©A.K.SIMON - Reverance for All Blood Relatives - 8"x8" oil on linen $100
©A.K.SIMON - Uncle Sam at Arlington - 8"x8" oil on linen - $100
"Thirty Days Hath September” – 30-day Painting Challenge, Day 7 for me (actually 10 images but only 7 now in my theme - I think this one will be a re-do) - follow the challenge at lesliesaeta.blogspot -
Historical Event: September 7, 1813: "Uncle Sam" was 1st used to refer to United States - the image followed later.
MY TAKE: Not sure why my mind went to Arlington when reading about Uncle Sam because it could have gone to baseball and apple pie. But having been to Arlington and feeling the sorrow that I'm sure everyone collectively feels in a place of reverence such as this, I thought it would be a powerful image to show "Uncle Sam" as representative of ALL. (Head bowed in a reverent moment of silence). But then again there is that image of Flagg's Uncle Sam pointing right at you and asking for your support - images can be so powerful can't they - maybe that's why my mind went the Arlington route!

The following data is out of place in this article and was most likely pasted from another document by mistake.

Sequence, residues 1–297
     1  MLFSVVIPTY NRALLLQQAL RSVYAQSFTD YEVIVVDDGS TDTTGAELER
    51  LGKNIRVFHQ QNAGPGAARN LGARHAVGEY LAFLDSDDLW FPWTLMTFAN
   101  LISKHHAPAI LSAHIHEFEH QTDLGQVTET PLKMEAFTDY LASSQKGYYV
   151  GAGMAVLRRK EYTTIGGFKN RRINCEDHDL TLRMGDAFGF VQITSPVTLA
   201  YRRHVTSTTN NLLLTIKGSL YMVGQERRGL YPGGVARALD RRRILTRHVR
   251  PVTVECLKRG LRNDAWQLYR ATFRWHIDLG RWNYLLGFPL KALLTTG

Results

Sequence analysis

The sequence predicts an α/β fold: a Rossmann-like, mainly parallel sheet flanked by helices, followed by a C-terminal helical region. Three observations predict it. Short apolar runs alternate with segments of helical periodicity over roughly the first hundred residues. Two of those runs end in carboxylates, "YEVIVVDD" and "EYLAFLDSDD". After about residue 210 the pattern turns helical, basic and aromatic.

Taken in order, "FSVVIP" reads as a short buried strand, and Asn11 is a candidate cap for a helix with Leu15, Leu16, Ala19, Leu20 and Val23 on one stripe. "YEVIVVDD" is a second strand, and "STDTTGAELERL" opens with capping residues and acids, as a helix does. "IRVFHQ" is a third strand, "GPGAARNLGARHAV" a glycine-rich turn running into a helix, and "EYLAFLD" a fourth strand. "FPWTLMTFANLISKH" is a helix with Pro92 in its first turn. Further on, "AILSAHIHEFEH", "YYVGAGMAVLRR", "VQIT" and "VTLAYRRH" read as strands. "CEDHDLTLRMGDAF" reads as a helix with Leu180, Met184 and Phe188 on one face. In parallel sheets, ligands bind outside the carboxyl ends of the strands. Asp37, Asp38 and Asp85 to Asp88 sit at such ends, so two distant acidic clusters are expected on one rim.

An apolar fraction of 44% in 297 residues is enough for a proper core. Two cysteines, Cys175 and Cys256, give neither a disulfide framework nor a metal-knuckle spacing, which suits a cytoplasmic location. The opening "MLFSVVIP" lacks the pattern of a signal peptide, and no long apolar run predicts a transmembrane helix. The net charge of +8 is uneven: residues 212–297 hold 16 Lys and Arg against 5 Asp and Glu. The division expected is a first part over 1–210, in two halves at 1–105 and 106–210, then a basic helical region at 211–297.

HISTORY: In the late 1860s and 1870s, political cartoonist Thomas Nast (1840-1902) began popularizing the image of Uncle Sam. Nast continued to evolve the image, eventually giving Sam the white beard and stars-and-stripes suit that are associated with the character today. The German-born Nast was also credited with creating the modern image of Santa Claus as well as coming up with the donkey as a symbol for the Democratic Party and the elephant as a symbol for the Republicans. Nast also famously lampooned the corruption of New York City's Tammany Hall in his editorial cartoons and was, in part, responsible for the downfall of Tammany leader William Tweed.
Perhaps the most famous image of Uncle Sam was created by artist James Montgomery Flagg (1877-1960). In Flagg's version, Uncle Sam wears a tall top hat and blue jacket and is pointing straight ahead at the viewer. During World War I, this portrait of Sam with the words "I Want You For The U.S. Army" was used as a recruiting poster. The image, which became immensely popular, was first used on the cover of Leslie's Weekly in July 1916 with the title "What Are You Doing for Preparedness?" The poster was widely distributed and has subsequently been re-used numerous times with different captions.
In September 1961, the U.S. Congress recognized Samuel Wilson as "the progenitor of America's national symbol of Uncle Sam." Wilson died at age 88 in 1854, and was buried next to his wife Betsey Mann in the Oakwood Cemetery in Troy, New York, the town that calls itself "The Home of Uncle Sam."